Just like the doctors on M*A*S*H, the volunteer vets are flexible. Their surgical area may not be spacious or equipped with their preferential suture, but they make do. When Dr. Suzanne Ravitz creatively set up an extra make shift operating table in a hallway and vented the anesthesia via a bathroom window, every human improvised by using the Wendy’s restrooms down the street.

Mass TNR days are conducted in stations, almost assembly line style. Tagging is done in duplicate so that once a cat is out of a tagged trap; a matching tag is tied to his paw while he is in recovery. A checklist of medical services completed is marked on the tag. Blankets and towels are not identifying cage markers because so much shifting is going on. Such care goes into putting the right groggy cat back into the right trap or carrier.

Ferals aren’t happy campers. They have no idea that this ordeal is for their own good, so when awake, they rarely cooperate. At the first clinic a cat got lose in a hospital van. The vet had to take his dashboard apart so another vet could grab her. Yes, the volunteer vets go with the flow.

Last Hope’s next free TNR day, open to the public, will probably be in the fall. Keep checking www.lasthopeanimalrescue.org for updates. In the meantime, Last Hope’s Fix-A-Feral program which subsidizes fees at select vets is in effect. You can learn how to get these discount certificates at the same website. Since 2003, Fix-AFeral has assisted in spaying/ neutering at least 8,000 Long Island cats.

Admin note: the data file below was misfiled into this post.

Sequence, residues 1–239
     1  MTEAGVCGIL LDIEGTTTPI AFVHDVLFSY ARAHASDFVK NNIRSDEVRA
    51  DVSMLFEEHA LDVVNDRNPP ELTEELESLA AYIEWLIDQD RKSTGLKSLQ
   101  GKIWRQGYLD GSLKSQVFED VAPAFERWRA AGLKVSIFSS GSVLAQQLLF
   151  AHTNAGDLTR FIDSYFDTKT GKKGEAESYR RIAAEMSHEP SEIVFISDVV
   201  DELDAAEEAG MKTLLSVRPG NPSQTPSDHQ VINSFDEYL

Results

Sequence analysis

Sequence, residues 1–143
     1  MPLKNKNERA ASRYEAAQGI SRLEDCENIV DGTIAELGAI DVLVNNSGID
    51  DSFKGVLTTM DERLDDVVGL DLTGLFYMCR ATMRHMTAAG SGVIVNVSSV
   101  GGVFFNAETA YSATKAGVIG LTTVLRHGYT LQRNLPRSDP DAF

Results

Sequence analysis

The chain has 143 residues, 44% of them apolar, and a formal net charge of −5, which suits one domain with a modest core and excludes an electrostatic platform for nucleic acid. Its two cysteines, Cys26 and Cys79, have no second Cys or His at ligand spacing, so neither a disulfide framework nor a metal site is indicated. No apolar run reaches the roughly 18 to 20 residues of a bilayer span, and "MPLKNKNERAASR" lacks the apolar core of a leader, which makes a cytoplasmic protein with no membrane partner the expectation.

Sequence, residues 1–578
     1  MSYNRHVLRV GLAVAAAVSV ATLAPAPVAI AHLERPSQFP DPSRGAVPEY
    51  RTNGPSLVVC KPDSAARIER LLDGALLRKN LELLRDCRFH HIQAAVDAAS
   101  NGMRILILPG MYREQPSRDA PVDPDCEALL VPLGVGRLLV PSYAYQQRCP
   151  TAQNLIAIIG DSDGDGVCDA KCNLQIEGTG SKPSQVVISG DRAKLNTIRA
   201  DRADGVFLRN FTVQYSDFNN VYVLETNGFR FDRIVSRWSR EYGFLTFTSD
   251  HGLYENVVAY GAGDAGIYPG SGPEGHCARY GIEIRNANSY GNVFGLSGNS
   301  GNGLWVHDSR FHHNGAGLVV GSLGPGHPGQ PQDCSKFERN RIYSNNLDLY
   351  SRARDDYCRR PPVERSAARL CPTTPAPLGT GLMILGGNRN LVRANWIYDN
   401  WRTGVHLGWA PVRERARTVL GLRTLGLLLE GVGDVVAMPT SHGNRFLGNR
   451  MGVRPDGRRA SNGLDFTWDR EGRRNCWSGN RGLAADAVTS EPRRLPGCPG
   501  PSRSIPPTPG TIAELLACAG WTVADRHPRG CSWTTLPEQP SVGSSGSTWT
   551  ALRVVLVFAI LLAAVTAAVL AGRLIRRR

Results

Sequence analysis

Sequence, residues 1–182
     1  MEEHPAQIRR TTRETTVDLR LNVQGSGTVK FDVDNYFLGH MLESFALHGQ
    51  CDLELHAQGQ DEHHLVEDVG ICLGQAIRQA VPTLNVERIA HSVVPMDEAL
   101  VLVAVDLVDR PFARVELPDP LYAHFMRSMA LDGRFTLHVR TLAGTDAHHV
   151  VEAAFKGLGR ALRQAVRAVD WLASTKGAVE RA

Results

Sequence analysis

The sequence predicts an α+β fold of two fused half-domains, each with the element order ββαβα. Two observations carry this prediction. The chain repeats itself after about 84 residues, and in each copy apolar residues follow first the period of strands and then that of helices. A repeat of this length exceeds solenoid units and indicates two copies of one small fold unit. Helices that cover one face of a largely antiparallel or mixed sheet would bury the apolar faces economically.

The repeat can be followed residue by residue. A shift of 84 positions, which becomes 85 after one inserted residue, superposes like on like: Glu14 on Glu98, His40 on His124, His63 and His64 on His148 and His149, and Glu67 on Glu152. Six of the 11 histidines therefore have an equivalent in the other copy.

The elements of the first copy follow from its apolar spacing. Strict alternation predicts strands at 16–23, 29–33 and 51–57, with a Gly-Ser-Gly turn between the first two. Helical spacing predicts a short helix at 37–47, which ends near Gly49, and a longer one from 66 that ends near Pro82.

Radio Days: This Thursday, April 1st at 7 pm I will be a call in guest on the “My Buddy Butch” online radio talk show, broadcast from Ohio. Theweekly show (www.mybuddybutch.com), bringing updates on pet, vet and rescue news, is co-hosted by author Jeff Marginean and his loquacious Boston Terrier, Butch. I had the pleasure of meeting Jeff at the last two Westminster Dog Shows. We will be discussing the “Pets” column and purebred rescue; but, wait, might there be a reason Jeff scheduled me for April Fools’ Day? Tune in online to find out. If you miss the live show, it will archive on the MBB website.

Featuring a Special Shepherd Trio for Adoption at Babylon Town Shelter (631-643-9270) Lamar St. W. Babylon: Each is 2 -3 years old, each with a particularly sad story to tell- “Fanny” in Cage 27, was dragged into the shelter by an owner whose other dogs kept attacking her. She is terrified in the kennel but extremely loving and still likes to be around other dogs. “Smokey” in Cage 47, a slightly Border Collie/ Shep mix, was part of an eviction along with seven cats. She has just settled down in her cage, and is used to kids, while taller “Sangye” in Cage 14 lost his home when his owner died suddenly. “Sangye” knows the Sit, Down, and Crawl commands. He likes other dogs.

Male Dogs: “Wilson” delightful small Lab Cage 1; “Buddy” obedient brindle Pit Cage 16; Toy Spaniel/ Papillon; small Bichon/Poodle; “Duke” Rottweiler in Cage 17.

Female Cats: “Missy” the greeter in the lobby; “Ginger” in C-1 a 7 month old kitten who can retrieve specifically named toys. Her former owner was in a serious accident.